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Pitching Counts and Young Athletes

Posted on June 27, 2016

As the weather warms and the fields are prepared, another season of baseball is upon us. Shoulder and elbow related pitching injuries are increasing in frequency at an alarming rate. Many factors are to blame.

There is no longer one season. Many children are playing the same sport, year round. End of the season showcases can be particularly stressful on a tired arm. Our children are not only pitching for their little league teams. They now have throwing coaches, pitching clinics, etc. Pitch counts and rest rules are being ignored. Youngsters are throwing curve balls, and sliders far too often. Coaches — want to win. So did mine…but it was a short season and then I moved on to another sport.

Many children (and parents) actually think that surgery can “fix” whatever injury might occur. Pitching more than 100 innings a season increases risk of injury threefold. 75 pitches or more/game doubles risk of injury. If a pitcher was “tired”, their risk of injury is 4-6x greater.

You as the parent must play a very active role in making sure that your child does not suffer what could be a very debilitating injury with potential lifelong implications. Coaches, little league officials, and trainers have a very important role as well.

Suggestions to Minimize Risk of Developing a Pitching or Throwing Injury:

  • All pitchers and active throwers should participate in a solid conditioning and strengthening program. This should not neglect the trunk and legs since most of your power and torque comes from below the belly button.
  • Dynamic and static stretching should be performed before eat game.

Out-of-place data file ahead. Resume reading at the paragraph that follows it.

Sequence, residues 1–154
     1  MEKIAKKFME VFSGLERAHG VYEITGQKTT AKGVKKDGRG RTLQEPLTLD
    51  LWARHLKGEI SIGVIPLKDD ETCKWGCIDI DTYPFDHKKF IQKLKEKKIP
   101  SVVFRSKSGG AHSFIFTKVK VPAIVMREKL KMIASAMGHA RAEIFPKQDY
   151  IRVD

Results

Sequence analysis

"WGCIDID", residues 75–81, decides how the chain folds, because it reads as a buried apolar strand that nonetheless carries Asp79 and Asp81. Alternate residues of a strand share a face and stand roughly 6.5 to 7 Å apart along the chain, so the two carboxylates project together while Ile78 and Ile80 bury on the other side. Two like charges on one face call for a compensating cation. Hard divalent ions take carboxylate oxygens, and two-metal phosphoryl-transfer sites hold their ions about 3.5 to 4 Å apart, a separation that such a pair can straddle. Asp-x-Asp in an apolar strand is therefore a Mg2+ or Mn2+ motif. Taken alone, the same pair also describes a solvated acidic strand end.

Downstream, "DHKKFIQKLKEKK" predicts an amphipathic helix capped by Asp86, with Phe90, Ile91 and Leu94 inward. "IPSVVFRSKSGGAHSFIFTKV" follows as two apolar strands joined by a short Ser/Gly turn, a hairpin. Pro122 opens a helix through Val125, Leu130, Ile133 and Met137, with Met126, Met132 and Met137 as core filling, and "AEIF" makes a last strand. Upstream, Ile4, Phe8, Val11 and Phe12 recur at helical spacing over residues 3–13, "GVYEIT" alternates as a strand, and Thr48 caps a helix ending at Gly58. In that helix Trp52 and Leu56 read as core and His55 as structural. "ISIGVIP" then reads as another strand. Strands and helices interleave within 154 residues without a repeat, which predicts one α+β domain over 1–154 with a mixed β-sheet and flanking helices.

• Do NOT allow your child to play if they are in pain.

  • Obey the mandatory pitch count. A pitch is a pitch… whether it’s with their coach, in a game or in the backyard.

  • Rest means rest… I’ll cite the suggested Rest Rules soon.

  • Don’t let your little pitcher play catcher on off days. Science shows this can increase risk of injury.

  • Don’t let your child’s seasons overlap… and if they do, they should not pitch for both teams.

Recommended Pitch Counts:

Age: Max # of Pitches/day

  • 7-8: 50
  • 9-10: 75
  • 11-12: 85
  • 13-16: 95
  • 17-18: 105

Rest Days: Based on number of pitches thrown

# of Pitches Thrown: # of Days of Rest
1-30: 0
31-45: 1
46-60: 2
61-75: 3
76+: 4

Pitch Count Summary:

Baseball is a fantastic sport and there’s no reason why your child can’t enjoy themselves and remain injury free. There is no getting around the facts borne out by a multitude of studies which demonstrate the risk factors associated with pitching injuries. Your child’s health is of paramount importance. With a little effort and “playing by the rules”, hopefully you can provide them with a memorable, pain free experience on the diamond.

Dr. Hoover has more than 20 years experience in diagnosing and treating diseases and injuries of the musculoskeletal system – bones, joints, ligaments, tendons, muscles and nerves, and brings advanced technologies and the latest treatments to East Tennessee.

Call us at (865) 316-3650 for more information.


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